Steve the Banker who’s bored with his current role and wants a new challenge

Steve is 39, married with two young children. His wife is qualified but doesn’t work and they live in a home worth approximately $1.2m with a $400k mortgage. Steve works for a bank in their investment banking division and is a property specialist. His salary is $380k p.a. and he has earned bonuses exceeding his salary for the last 4 years. He has also participated in the company share scheme and has equity worth is $600,000 with a loan of $400,000.  He has been in the same role for 7 years and he is on track for a great career with the bank. Many before him have become extremely wealthy sticking with it. Problem is, Steve says he has conquered the role and has become stale and bored.

Steve’s wife is fully supportive even though she has some concerns. However as she says, “he is very astute financially so I will leave it to him.”

Although Steve is bored, he doesn’t want to run his own business. His view is that it’s very difficult to ‘switch off’ when you have your own business. However, being both financially astute and relatively conservative, he wants to know that he is “on track” to being totally independent by the age of 55. He doesn’t mind working beyond this age but he wants to know that he has choice.

The Dilemma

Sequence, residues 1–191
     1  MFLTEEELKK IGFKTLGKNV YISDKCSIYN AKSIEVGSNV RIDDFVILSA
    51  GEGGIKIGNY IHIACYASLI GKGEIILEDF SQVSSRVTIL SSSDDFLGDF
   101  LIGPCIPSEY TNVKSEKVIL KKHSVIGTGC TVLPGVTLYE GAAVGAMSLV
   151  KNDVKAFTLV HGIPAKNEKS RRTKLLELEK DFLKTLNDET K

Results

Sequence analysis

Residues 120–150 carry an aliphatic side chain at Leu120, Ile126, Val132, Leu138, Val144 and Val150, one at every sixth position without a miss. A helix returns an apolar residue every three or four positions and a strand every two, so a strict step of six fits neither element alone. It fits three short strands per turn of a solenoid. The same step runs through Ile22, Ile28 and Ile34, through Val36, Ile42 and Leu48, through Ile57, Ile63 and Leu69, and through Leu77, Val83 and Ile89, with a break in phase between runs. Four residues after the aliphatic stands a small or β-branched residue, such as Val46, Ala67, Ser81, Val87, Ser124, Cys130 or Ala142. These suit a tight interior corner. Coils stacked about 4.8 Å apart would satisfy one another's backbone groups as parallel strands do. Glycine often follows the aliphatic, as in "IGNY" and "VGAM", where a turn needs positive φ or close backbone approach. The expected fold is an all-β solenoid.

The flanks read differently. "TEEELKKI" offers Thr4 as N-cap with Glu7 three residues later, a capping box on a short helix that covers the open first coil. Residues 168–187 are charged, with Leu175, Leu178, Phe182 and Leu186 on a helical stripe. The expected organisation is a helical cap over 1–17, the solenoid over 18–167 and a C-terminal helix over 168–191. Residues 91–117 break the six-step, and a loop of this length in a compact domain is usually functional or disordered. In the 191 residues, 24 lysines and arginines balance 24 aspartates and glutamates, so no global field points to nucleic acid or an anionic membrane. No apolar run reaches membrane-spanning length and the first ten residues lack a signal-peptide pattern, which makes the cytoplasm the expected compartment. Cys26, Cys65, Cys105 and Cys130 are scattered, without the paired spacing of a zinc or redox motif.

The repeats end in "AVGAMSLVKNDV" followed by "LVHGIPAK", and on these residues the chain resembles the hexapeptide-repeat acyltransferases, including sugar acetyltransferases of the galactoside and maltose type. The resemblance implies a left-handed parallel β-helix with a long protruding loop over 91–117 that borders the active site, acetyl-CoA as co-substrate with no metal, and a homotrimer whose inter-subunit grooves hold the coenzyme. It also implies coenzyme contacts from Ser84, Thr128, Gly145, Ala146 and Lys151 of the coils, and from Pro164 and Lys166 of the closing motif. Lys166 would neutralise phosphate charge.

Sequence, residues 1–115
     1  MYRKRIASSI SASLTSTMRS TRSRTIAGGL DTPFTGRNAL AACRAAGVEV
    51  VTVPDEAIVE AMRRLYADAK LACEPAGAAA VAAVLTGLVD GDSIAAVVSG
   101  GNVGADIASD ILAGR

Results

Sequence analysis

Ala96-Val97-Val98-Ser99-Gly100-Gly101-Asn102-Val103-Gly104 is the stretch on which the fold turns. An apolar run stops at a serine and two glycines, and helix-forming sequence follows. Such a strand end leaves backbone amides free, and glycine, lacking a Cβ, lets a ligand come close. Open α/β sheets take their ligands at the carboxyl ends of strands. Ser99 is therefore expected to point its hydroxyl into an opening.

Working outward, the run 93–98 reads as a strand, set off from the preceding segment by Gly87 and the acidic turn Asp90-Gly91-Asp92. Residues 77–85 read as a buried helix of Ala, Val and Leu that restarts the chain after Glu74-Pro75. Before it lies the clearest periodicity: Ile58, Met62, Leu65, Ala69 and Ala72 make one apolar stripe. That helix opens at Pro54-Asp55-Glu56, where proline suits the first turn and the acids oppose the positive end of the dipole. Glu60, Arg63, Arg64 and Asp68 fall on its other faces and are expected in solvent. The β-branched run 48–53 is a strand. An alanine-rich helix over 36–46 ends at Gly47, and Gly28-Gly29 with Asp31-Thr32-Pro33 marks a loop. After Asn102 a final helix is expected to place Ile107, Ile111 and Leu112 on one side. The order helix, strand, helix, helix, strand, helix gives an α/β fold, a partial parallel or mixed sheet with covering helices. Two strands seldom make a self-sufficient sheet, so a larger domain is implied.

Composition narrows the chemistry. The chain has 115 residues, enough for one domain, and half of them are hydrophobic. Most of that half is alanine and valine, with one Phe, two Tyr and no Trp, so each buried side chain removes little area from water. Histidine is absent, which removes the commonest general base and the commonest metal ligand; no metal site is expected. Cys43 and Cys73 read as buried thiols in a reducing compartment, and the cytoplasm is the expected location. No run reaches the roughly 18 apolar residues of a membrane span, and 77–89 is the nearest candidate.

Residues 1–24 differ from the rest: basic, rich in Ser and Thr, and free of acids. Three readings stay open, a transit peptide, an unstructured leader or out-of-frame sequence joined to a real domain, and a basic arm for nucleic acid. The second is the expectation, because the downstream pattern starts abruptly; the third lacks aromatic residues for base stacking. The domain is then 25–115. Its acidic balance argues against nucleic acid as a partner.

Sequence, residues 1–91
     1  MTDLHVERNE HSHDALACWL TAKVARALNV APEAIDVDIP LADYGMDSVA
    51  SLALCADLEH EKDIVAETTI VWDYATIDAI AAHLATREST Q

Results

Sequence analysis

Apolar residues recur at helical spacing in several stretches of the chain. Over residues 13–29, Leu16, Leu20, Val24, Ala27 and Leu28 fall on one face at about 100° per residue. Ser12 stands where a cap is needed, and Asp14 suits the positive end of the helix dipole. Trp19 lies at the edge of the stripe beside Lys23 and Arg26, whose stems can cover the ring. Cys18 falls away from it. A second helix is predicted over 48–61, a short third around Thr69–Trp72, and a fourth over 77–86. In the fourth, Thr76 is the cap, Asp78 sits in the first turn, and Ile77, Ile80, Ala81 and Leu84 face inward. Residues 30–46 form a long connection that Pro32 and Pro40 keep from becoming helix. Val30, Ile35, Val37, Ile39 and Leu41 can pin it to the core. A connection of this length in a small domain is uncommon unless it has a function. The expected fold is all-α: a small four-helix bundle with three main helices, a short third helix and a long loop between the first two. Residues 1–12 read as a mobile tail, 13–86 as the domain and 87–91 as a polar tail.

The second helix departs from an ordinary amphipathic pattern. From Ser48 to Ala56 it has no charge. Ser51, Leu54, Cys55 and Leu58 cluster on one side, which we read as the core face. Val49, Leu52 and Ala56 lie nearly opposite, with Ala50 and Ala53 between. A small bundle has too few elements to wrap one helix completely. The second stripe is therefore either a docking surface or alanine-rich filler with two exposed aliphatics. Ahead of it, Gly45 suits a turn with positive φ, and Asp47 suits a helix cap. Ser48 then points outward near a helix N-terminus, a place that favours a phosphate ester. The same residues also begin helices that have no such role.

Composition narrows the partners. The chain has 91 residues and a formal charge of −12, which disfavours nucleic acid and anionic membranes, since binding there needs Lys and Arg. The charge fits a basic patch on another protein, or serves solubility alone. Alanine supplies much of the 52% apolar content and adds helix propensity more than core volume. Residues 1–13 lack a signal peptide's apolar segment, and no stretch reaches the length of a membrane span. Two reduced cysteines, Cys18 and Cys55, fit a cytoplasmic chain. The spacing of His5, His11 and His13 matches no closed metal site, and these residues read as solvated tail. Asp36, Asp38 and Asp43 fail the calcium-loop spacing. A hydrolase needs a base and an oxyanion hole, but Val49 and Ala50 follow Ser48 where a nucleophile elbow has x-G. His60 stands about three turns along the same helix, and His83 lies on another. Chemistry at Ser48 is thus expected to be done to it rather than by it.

Steve clearly understands he is at a point of inflection.  On the one hand, he could keep going in his current role and in all likelihood, be very wealthy in 10 to 15 years’ time. He feels very secure in his role, knows the job inside out and with the shares and options he will get over time, he is likely to generate investment assets in the order of $5m. In fact they have made him a director of a number of their companies and have asked him to remain on these boards for at least a year should he decide to leave.

On the other hand, he wants a new challenge outside the group but not in his own business as he wants to be home almost every night to spend some time with his children. It’s a very difficult decision and he doesn’t know what to do.

The Analysis

To start with, we developed a number of cash flow scenarios including:

“Stay and go for the gold”

“Time out for 5 years, then back into it”

“A New Challenge with lower income”

“Base case – eliminate debt”

“Base case – eliminate debt then leverage”

We decided that it would make the whole change a lot easier if he reduced the risk in the short-term and backed himself to earn enough over his lifetime. His wife said she would also go back to work at some point so we took this into account.

The Outcome

Steve was keen to take the risk but he wanted to ensure that all bases were covered in the event of a catastrophe. He was very confident that he would be able to generate income and capital as long as he was able. He felt that he just couldn’t stay in his current job and ‘waste away’.

His current employer needed him and offered him a minimum of 12 months at a third of his current income just to remain on the boards and be available for advice on an ad hoc basis. He used the reduction in income to realise the shares and pay the CGT at the lower tax rate and significantly reduce the non-deductible mortgage.

He increased his life and disability insurance to ensure that there would be more than sufficient resources in the event of a catastrophe and updated his estate planning.

It took him 3 months to find his new job and he has ended up earning a similar income and is enjoying the new challenge. He has less debt but has had to almost entirely sell all investable assets other than super. However he feels very confident and believes that “if I’m challenged and happy, I’ll build the assets in the new job”.